Microsystems - The next big thing Page: 4 of 7
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embedded in artillery shells have survived shock environments with accelerations exceeding 10,000 g's
without failure. Micro-gear sets can run at up to 350,000 rpm with the capability to reverse instantly and
operate efficiently with gear ratios of a million-to-one.
The other side of this coin is that microsystems are strongly affected by interfacial forces such as stiction.
Stiction is the tendency for surfaces to adhere to each other due to van der Waals, polar, capillary, and other
forces between surfaces. One way to overcome stiction problems is to apply self-assembling monolayer
coatings on problem surfaces. This use of nano-scale coatings illustrates the synergy between microsystems
and new advances in nanotechnology. Other concerns in the use of microsystems include wear, fatigue, and
friction on the microscale. Advances in the understanding of the physics of surfaces on the nano-scale will
be an important element in the commercialization of microsystems.
Applications of microsystems
Microsystems have demonstrated the capability to sense most physical quantities, including light,
temperature, pressure, acceleration, vibration, and the chemical environment.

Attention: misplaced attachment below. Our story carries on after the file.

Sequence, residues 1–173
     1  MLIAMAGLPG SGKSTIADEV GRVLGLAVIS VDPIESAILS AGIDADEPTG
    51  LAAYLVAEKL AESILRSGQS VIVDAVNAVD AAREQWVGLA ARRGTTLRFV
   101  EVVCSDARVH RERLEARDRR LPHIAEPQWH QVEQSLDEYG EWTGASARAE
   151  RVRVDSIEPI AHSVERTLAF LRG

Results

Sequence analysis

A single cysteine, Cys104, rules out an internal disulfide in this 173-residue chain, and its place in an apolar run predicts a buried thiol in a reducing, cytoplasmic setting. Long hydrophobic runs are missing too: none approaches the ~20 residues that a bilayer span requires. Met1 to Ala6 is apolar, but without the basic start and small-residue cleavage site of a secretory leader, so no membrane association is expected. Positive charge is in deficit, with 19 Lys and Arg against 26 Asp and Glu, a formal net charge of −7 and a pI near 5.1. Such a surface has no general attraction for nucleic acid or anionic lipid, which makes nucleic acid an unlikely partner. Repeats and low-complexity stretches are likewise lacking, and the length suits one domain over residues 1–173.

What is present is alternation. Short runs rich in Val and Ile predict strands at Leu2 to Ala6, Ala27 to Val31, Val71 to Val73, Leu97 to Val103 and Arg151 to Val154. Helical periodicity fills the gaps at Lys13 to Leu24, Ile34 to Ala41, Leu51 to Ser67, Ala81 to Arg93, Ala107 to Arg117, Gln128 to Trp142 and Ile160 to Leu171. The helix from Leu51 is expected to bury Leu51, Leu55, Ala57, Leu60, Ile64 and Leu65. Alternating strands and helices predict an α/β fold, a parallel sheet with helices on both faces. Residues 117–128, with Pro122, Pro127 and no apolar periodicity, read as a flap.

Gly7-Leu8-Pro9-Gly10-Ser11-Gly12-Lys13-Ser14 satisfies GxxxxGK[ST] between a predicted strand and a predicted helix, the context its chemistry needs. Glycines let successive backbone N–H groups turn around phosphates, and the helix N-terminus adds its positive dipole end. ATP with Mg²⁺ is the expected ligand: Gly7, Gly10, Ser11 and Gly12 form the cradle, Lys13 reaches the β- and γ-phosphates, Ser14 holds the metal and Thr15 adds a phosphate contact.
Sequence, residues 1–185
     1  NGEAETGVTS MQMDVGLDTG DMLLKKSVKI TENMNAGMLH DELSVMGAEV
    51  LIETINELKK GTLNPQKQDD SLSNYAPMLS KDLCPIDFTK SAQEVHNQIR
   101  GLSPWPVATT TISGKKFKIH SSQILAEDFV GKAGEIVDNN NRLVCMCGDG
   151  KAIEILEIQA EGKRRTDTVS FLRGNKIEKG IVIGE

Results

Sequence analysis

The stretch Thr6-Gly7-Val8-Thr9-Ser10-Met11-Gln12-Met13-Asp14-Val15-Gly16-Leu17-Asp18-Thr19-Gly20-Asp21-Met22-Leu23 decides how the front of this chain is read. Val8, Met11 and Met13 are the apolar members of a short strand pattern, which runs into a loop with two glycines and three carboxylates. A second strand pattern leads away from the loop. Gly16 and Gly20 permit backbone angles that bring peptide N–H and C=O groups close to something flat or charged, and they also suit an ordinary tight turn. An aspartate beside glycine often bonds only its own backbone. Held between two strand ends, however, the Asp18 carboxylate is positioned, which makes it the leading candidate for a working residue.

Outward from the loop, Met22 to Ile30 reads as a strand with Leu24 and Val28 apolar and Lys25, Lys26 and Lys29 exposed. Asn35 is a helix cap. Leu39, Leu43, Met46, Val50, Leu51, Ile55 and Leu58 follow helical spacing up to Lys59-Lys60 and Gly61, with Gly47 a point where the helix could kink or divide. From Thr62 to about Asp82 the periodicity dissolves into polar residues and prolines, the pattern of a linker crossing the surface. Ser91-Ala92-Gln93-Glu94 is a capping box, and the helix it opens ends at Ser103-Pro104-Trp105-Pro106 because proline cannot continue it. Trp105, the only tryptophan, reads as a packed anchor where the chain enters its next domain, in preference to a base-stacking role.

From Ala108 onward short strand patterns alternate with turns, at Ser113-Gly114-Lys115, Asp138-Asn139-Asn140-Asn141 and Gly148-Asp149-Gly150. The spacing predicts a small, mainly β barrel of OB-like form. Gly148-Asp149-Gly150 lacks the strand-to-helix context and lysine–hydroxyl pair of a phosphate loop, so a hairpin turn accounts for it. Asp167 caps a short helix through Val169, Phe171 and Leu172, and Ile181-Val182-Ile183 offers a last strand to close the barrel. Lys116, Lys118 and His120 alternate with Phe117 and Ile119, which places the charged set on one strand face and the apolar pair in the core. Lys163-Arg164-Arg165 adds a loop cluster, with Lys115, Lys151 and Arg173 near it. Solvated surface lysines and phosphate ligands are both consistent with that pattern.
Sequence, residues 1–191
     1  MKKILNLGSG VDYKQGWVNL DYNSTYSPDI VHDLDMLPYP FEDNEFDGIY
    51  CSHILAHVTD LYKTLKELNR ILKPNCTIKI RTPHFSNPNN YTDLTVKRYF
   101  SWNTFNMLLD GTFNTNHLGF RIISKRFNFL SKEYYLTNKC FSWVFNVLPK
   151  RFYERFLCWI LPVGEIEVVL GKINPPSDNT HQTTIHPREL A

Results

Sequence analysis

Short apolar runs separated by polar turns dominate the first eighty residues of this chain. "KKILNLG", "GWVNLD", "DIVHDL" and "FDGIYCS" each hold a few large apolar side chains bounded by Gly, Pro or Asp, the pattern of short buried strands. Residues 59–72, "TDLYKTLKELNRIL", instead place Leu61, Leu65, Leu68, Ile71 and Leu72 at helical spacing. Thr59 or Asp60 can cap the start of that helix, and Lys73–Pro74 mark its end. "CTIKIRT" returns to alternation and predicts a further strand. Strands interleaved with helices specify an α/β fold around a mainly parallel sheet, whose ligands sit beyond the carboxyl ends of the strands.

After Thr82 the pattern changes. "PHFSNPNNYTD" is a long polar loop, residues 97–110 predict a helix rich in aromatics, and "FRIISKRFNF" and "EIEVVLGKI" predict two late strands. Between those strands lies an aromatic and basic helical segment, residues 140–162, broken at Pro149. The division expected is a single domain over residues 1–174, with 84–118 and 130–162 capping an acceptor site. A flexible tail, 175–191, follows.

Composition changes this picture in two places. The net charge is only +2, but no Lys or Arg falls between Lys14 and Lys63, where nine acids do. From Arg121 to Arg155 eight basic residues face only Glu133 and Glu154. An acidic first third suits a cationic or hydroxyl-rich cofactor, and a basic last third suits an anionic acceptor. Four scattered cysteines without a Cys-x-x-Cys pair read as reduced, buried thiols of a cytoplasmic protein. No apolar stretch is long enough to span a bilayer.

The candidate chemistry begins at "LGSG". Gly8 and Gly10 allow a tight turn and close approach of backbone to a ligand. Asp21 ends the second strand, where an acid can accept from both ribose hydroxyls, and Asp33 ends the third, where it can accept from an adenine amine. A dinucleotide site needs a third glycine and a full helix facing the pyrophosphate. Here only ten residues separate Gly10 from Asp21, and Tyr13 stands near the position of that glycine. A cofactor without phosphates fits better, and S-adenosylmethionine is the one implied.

A pressure sensor made using MEMS technology.
Photo courtesy of P. McWhorter, Sandia National Laboratories
The development of new and more capable microsensor packages is an important key to the widespread use
of microsystems. Microsensors are now being developed to optically detect multiple chemical species for
applications such as detection of chemical or biological weapons. This can be accomplished in several ways;
by combining Surface Acoustic Wave Detectors with thin surface coatings that are sensitive to specific
chemicals, by the use of chemiresistive coatings, by micro-optical techniques, or by the use of microscale
gas-chromatograph columns. Integrated "chem-lab-on-a-chip" sensor systems may someday perform the
work of an entire analytical chemistry lab in a package the size of a quarter.
A single IC with a 3 axis accelerometer and on-chip electronics.
Photo courtesy of D. Plummer, Sandia National Laboratories.
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STINNETT,REGAN W. Microsystems - The next big thing, article, May 11, 2000; Albuquerque, New Mexico. (digital.library.unt.edu/ark:/67531/metadc712082/m1/4/: accessed January 18, 2019), University of North Texas Libraries, Digital Library, digital.library.unt.edu; crediting UNT Libraries Government Documents Department.